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Analysis of the venous thromboembolic risk associated with severe postpartum haemorrhage in the NOHA First cohort

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Published:1st Nov 2008
Author: Chauleur C, Cochery-Nouvellon E, Mercier E, Aya G, Marès P, Mismetti P et al.
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Ref.:Thromb Haemost. 2008;100(5):773-9.

Severe postpartum haemorrhages (PPH) are responsible for maternal morbidity/mortality. Their complex management sometimes requires haemostatic supplementation, and therapeutic trials on fibrinogen or activated factor VII, which may add to the thrombotic risk, are currently being considered. Furthermore, there is a risk of venous thromboembolism (VTE) during the postpartum period, hence we studied the relationship between severe PPH and VTE in women during their first pregnancy. Among the 32,463 women enrolled between January 1, 1999 and February 1, 2004 in the NOHA First cohort, 317 developed severe PPH, 11 postpartum VTE and 60 had postpartum superficial vein thrombosis (SVT). In the women with severe PPH, whilst there were no episodes of VTE, there were three episodes of SVT, which occurred 6 weeks postpartum.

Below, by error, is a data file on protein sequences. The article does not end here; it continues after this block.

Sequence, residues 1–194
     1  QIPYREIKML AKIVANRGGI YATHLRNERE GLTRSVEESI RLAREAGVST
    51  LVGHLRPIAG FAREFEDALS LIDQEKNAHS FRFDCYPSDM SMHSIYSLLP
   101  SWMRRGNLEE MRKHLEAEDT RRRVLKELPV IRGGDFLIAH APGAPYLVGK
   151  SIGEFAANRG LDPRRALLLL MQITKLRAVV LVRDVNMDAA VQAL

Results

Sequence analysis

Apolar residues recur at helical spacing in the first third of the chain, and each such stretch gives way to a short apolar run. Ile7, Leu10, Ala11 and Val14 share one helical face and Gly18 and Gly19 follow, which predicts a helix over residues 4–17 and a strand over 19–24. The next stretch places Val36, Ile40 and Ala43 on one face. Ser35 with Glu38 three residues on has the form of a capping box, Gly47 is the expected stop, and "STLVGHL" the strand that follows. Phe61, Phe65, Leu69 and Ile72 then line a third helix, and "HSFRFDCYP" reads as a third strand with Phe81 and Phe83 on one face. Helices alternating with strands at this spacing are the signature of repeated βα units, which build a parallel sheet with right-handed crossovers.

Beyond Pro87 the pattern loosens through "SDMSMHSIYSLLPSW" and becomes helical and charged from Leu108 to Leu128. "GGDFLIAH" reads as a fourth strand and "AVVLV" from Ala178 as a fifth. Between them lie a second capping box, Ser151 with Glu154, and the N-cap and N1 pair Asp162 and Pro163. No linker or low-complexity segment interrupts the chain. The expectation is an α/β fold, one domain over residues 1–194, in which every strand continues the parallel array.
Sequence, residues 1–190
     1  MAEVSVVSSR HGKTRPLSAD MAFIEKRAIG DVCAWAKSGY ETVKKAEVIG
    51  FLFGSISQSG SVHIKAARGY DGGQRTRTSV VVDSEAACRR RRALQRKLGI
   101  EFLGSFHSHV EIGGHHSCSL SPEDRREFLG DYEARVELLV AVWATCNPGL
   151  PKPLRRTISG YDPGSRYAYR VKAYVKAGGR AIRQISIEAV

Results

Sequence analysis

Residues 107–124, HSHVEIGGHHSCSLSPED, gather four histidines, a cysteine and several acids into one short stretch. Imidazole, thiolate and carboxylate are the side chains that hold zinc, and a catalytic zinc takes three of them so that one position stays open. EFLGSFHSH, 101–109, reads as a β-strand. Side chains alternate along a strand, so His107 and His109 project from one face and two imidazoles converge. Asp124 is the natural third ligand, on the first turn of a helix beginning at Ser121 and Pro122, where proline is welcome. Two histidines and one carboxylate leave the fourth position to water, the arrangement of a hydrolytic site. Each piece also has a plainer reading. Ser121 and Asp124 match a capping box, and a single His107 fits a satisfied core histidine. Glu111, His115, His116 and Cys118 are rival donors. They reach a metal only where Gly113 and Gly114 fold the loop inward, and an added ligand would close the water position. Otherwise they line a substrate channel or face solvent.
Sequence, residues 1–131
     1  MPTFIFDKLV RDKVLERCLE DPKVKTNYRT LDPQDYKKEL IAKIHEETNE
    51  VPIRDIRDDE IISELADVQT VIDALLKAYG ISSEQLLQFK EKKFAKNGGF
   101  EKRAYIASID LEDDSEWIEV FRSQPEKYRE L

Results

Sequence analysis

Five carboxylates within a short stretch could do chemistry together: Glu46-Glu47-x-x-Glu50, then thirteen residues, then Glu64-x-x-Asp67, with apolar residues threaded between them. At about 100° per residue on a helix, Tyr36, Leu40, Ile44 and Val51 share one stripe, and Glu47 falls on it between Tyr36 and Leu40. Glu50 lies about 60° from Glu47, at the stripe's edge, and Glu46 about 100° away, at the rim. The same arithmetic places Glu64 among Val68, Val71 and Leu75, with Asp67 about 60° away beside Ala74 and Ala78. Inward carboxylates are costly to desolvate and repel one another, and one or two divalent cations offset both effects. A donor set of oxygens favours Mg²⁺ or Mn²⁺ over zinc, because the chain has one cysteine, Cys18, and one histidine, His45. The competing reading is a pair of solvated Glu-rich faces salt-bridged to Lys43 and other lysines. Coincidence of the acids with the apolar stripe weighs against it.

All of the women with severe PPH received packed red blood cell (RBC) units, 29 (9.1%) platelets units, 51 (16.1%) fresh frozen plasma and 29 (9.1%) fibrinogen concentrates. Three patients with both severe PPH and SVT received only packed RBC. Severe PPH or packed RBC unit transfusion were associated with postpartum SVT (adjusted relative risk: 5.3 (1.6-17) and 4.7 (1.5-15) respectively), independent of caesarean section delivery and low-molecular-weight heparin (LMWH) use in the postpartum, but were not independent indicators of one another. This the VTE and SVT risks associated with severe PPH are low (<1% and <2%, respectively). Severe PPH increases the risk of postpartum SVT, but transfusion with platelet units and plasma supplementation using fresh frozen plasma or fibrinogen concentrates do not markedly modulate the risk of venous thrombosis.


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